Criticizing George Soros is not inherently anti-Semitic. He is one of the world’s richest men and most influential philanthropists, as well as the Democratic Party’s largest single donor, and his views undoubtedly warrant scrutiny and debate. But Musk was not taking issue with a particular statement or position put forward by Soros; he was presenting him as an avatar of evil. He painted Soros as a literal comic-book villain.
This is the language of anti-Semitism through the ages, which perpetually casts powerful Jewish actors as the embodiment of social and political ill. Rather than treat Jews like humans, who are fallible and often mistaken, this mindset refashions them into sinister super-humans who intentionally impose their malign designs on the masses.
In recent years, Soros has been a particular target of this treatment, but any Jew or Jewish institution that accumulates some measure of wealth or status tends to attract it, whether the Rothschilds or the state of Israel. In such cases, legitimate criticism is overtaken by conspiracy; the issue is no longer the conduct of the Jewish actor but their very essence.
It’s doubtful that Musk harbours personal animosity toward Jewish people. But he is a conspiracy theorist, and the arc of conspiracy is short and bends toward the Jews. “If you hate Jews buy a Tesla” is that a new marketing pitch Mr Elon has in mind? You can read more about it here. The man that will take humanity into outer space… is simply a conspiracy theorist.
GOP applauds departures from ‘radical environmental agenda’
Intimidation works. Especially when it is done on behalf of politics towards the business. Usually, it is done by rogue regimes and in places you would not expect else. This time it is not rogue states. It is not the dictator offended by something. It is legitimate representatives of the self-claimed land of the free, USA.
Gloves are off. On Thursday, French insurers Axa SA and Scor SE, as well as Allianz SE of Germany, became the latest members of the Net Zero Insurance Alliance to walk out, bringing to seven the number of high-profile defections in less than two months. Axa’s departure is particularly noteworthy, as the firm had chaired the alliance.
Since Munich Re quit the NZIA in late March, citing “material” legal risks, the group has struggled to keep other members from heading for the door. The development prompted the alliance to hold an emergency meeting on Thursday. The escalating anti-ESG campaign in the US and the explicit targeting of NZIA led several members to conclude they were safer outside the alliance.
The United Nations Environment Programme, which convened the NZIA in 2021, said on Wednesday that the exits should be seen “in light of the recent discussions within the United States.”
Discussion with USA? Such bliss. Senior members of the GOP, meanwhile, have cheered the moment. Utah Attorney General Sean D. Reyes said in a statement that he and his colleagues “are encouraged” to see the departures from “an alliance that was focused on a radical environmental agenda over the interests of its clients. We will continue to be vigilant and take legal action where necessary to protect Americans from the dangers of ESG.”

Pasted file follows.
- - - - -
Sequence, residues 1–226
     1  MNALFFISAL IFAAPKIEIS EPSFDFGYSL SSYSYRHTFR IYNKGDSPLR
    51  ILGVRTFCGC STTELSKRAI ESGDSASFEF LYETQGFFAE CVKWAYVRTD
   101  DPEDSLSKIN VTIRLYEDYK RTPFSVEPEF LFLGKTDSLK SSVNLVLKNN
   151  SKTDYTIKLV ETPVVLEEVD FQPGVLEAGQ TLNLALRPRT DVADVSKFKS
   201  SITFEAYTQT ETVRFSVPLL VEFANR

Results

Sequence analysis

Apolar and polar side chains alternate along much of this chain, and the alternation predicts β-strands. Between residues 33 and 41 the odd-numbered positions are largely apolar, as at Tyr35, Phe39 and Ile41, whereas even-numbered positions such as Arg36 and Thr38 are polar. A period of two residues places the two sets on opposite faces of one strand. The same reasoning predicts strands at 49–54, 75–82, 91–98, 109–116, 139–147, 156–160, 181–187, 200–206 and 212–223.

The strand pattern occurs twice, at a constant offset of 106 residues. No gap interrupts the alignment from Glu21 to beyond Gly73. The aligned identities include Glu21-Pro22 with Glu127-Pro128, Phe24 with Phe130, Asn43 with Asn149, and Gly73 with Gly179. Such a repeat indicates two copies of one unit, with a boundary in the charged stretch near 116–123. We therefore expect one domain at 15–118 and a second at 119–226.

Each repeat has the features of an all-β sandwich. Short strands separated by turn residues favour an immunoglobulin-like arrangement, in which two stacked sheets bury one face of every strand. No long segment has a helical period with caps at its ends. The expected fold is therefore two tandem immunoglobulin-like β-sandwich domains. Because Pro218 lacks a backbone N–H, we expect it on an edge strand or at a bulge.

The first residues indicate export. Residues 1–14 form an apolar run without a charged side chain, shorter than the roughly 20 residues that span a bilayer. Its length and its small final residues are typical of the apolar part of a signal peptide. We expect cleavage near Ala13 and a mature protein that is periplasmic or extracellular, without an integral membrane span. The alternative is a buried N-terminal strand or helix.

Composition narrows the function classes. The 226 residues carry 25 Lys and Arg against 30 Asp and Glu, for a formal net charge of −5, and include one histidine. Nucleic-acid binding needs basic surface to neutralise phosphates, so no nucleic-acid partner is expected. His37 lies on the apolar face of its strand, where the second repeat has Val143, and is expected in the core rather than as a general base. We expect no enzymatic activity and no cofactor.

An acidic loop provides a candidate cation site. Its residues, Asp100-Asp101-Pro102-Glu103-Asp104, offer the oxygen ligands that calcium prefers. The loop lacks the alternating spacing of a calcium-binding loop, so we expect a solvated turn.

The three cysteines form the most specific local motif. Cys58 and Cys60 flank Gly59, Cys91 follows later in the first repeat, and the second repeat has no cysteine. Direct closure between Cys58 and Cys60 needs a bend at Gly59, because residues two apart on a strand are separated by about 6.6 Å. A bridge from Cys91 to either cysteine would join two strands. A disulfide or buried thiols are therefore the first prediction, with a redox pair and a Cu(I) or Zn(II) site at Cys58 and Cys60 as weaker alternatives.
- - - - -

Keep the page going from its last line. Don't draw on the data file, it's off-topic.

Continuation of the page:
Americans beware! ESG poses a significant danger to Americans! It is anti-American and dangerous to capitalism! Run, run for your lives. You can read the article here and some of my quotes on what I believe is happening.
Global China vs Global US
It is, of course, more complex than this and it is utterly dangerous for Europe. Why? There are two current mega powers in the world - USA and China - and a concept of ESG challenges both of their world views at the core. Europe is a beacon of the ESG light and the challenge EU taxonomy and SFDR poses to both mega-powers was unintended yet obviously rather impactful.
Until very recently, big European powers still had global ambitions. That often meant treating poor countries as their hunting grounds. Britain sent troops to Afghanistan and Iraq, and France to west Africa. Together, in 2011, they deposed Libya’s leader Colonel Gaddafi. Russia adventured everywhere from Syria to Mali.
But they all over-reached. Since 2021, the UK and France have abandoned their failed foreign missions. The British army is the smallest it’s been since Napoleonic times. Only 0.2 per cent of the remaining troops are based in Asia or Oceania. Britain has reached the end of its “great game," the Foreign Office’s former lead official, Simon McDonald, told the New Statesman magazine this month. Similarly, Russia is so overextended in Ukraine that it’s even losing control of its other neighbourhood, Central Asia.
European powers still talk global — literally, in the case of “Global Britain”. France, ludicrously, calls itself an “Indo-Pacific power” based on having 1.5 million citizens scattered across various poor islands there. But the French naval chief of staff likened competing with other navies in the Pacific to “showing up in a 2CV car for a Formula 1 race”. The western military alliance, Nato, now limits itself to Europe, where it has still never fought.
Russia aspires to be the West’s bogeyman, which is like a second-division team imagining it’s Manchester City’s rival. In fact, Europe’s widest-ranging neighbourhood power may be Turkey, which benefits from what estate agents call “location, location, location”. Its neighbourhood covers Syria, grain exports through the Black Sea and the refugee crossing from the Middle East.